it should be possible to convert any rotary machine to use a stepper however many of the advantages of my design would not be realized and some aspects might nor work too well at all. i put a lot of effort into limiting the mass of accelerated components. machines that use a heavy flywheel could not be reversed quickly enough to achieve high speeds. also the stroke of most flywheel machines other than really massive ones is quite limited. converting a rotary machine to my system would require installing limit switches and replacing the original motor with a stepper. if there is a lot of inertia to the flywheel, the position of the limit switches might need to be played with a lot and it might also be necessary to modify the code that reads the limits to deal better with overshoot. it was quite a challenge to get the limit switches to work with my current design and it has very fast reversal. this is because the machine can be controlled with three inputs simultaneously. these would be the automatic reversing, the offset and the joystick all sending position data to the motor driving routine at the same time. it took me a while to figure out how to deal with overshoot with all these factors. so it might be a similar challenge to get a flywheel to work well. i do have acceleration ramping in the motor control code but for my machine the acceleration factors are very high. with a flywheel it would probably be necessary to ramp much more slowly to not damage the motor and this would reduce the maximum stroke rate. it took quite a while to balance all these factors to get what i consider adequate maximum speed in automatic mode. i forget if i am currently changing ramping parameters for different strokes but that is possible. when stroke is short and speed is high, my machine becomes a vibrator. don’t know if this would work well with a flywheel machine that would require much slower acceleration.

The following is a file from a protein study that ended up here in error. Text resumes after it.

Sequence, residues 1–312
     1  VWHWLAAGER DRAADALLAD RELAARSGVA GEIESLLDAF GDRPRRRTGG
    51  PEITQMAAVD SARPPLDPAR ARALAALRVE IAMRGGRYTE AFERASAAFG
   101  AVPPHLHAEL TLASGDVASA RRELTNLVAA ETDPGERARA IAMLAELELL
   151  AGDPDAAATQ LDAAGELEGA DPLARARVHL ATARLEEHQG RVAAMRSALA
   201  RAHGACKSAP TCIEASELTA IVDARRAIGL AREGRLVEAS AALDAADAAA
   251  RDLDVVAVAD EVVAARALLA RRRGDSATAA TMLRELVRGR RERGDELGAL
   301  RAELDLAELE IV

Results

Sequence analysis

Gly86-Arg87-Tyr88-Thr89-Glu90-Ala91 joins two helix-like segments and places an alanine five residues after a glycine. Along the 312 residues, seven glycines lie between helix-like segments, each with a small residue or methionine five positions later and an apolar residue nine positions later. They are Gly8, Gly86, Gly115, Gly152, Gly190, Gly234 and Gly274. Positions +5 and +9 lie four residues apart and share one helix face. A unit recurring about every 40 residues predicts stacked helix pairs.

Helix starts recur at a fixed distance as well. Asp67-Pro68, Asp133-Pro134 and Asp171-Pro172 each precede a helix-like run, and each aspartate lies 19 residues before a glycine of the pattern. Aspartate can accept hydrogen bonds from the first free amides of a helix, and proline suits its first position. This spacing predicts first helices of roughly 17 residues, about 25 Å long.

mentioning some of the above to let readers know that in spite of the simple appearance of my machine, the code that drives it is not simple and did take years to finally get to the point it is now at. once there are some machines being used by others. i might consider sharing the code since there would certainly be programmers who could improve it and maybe help with new features such as the audio control that i am eventually going to write. this will probably have to be a winter project as i have too much going on right now.